Meet the Artist, Ruly Deen

History and Education











I was raised in the Boston area, and studied jewelry making at an early age. I took my first class at age twelve, and pursued metalsmithing on my own through high school. I went to the University of the Arts in Philadelphia to earn my BFA. 

While I was in school, I worked  on Jewelers' Row in Philadelphia to earn money for living expenses. I was lucky enough to be part of several trade shops that employed craftsmen from Europe. I learned as much from them as I did in school.


Coast to Coast Change










After more than a decade in traditional jewelry making, including a few years as head model maker for a large company in Florida, I moved across the country to the Inland Northwest, and began to pursue life as an independent artist.

The beautiful environment here had an immediate effect on me. I was inspired by the connection of earth and water in the Spokane area, where I now live. Although I will always be grateful for the opportunities I had on the East Coast, in the Inland Northwest, I feel that I am home at last. 


Artist Concepts









I am fascinated with visual imagery and hidden symbolism. The glyphs and markings of long ago resonate with spiritual qualities. This is where my work lives, in the hidden places of the soul. 

I call my style Symbolic Landscape. I try to reflect inherent peace and comfort of the natural world and add symbols that spark some ancient recognition. The symbols have no immediate explanation, but find expression in our shared collective memories. 


Design Process

I am constantly watching light, trying to understand shadow and form. The astonishing beauty of nature captures my attention. 

As I try to record the magic of the elemental world, I weave symbols into the landscapes. They become emotional environments in charcoal and graphite, my own personal lexicon and history.


Technical Process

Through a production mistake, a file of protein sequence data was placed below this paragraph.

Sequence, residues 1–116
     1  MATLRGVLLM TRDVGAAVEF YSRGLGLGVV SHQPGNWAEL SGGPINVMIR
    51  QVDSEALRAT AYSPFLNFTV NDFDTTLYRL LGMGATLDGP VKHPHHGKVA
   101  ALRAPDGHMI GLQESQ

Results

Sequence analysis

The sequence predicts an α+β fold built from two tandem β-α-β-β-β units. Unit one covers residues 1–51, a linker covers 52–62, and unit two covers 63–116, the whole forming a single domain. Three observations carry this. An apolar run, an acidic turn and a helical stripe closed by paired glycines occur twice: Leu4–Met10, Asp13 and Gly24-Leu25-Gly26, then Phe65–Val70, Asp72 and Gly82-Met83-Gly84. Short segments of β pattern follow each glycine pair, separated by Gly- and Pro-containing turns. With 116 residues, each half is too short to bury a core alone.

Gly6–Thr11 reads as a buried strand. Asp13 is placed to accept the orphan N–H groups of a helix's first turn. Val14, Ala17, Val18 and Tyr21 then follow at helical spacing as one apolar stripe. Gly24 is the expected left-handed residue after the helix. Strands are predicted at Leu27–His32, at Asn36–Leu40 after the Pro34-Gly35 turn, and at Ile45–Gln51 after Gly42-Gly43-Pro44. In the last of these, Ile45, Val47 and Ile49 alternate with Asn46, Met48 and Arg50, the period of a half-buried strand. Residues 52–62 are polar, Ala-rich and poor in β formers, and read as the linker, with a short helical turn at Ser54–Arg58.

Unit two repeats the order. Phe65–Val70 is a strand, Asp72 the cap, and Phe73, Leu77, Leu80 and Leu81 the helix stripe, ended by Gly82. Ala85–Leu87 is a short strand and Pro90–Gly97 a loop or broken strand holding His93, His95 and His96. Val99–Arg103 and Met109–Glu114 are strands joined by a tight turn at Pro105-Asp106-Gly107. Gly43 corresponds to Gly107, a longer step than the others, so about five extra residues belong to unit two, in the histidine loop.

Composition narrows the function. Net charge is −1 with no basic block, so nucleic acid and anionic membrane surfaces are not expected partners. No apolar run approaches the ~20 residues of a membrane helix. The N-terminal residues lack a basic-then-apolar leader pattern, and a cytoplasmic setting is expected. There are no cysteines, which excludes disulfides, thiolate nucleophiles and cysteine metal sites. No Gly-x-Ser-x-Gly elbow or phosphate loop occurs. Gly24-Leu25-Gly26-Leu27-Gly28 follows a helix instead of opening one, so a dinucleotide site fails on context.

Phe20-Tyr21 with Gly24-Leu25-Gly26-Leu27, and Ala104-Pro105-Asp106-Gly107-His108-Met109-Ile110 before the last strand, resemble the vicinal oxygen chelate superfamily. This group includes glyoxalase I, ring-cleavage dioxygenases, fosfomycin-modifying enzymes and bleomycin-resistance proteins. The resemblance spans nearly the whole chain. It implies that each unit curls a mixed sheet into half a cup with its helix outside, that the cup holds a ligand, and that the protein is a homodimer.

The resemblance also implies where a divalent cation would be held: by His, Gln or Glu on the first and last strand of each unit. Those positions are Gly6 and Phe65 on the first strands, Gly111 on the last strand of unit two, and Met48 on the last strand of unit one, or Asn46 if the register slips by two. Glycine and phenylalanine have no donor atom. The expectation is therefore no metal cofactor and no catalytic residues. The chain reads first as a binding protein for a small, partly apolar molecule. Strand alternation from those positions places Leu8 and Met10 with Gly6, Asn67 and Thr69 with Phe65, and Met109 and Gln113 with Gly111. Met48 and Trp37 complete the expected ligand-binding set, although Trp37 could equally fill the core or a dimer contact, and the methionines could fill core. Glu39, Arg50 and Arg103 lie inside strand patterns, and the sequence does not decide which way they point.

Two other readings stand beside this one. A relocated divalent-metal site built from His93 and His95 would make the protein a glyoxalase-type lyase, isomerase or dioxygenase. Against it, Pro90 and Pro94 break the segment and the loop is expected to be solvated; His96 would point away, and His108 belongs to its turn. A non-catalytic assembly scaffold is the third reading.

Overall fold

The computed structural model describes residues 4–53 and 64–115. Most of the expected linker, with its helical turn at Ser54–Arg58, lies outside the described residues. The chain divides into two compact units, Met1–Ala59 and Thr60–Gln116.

My miniature carvings in hard green wax become solid sterling silver using the alchemy of lost wax casting. Each carving is mounted to a wax tree on a rubber base, then gets a special plaster poured into a steel flask which cures around the carving. The embedded wax is melted out  in a kiln and leaves a negative impression for the silver to fill.

The metal is heated to around 1780 degrees and when it is liquid, vacuum pressure draws it down into the negative space of the carving. Once cooled, the plaster is broken away and the casting revealed. Then a multi-stage process begins to remove the casting gates, called sprues, and clean, sand and finish up the item.

This complex process involves more than 30 steps.


Custom Work

One of the most rewarding places to use my Symbolic Landscape style is creating custom pieces for individual clients. This process allows me to spend time with specific people and help them express their individual stories with a wearable piece of art. I work with people intimately, finding ways to transform their own emotional landscapes into a highly personal heirlooms.

To discuss your own project and receive a free design questionnaire, email me at



I have a seasonal showroom in the Kendall Yards District of downtown Spokane. In this beautiful little space I offer my art jewelry during special events and numerous holidays.

The Studio, as I like to call it, is also where I meet clients for consultation on one-of a kind pieces. In addition, I host several workshops on symbolic systems, such as Runes and Chakras. I hope to add classes in jewelry-making in the near future.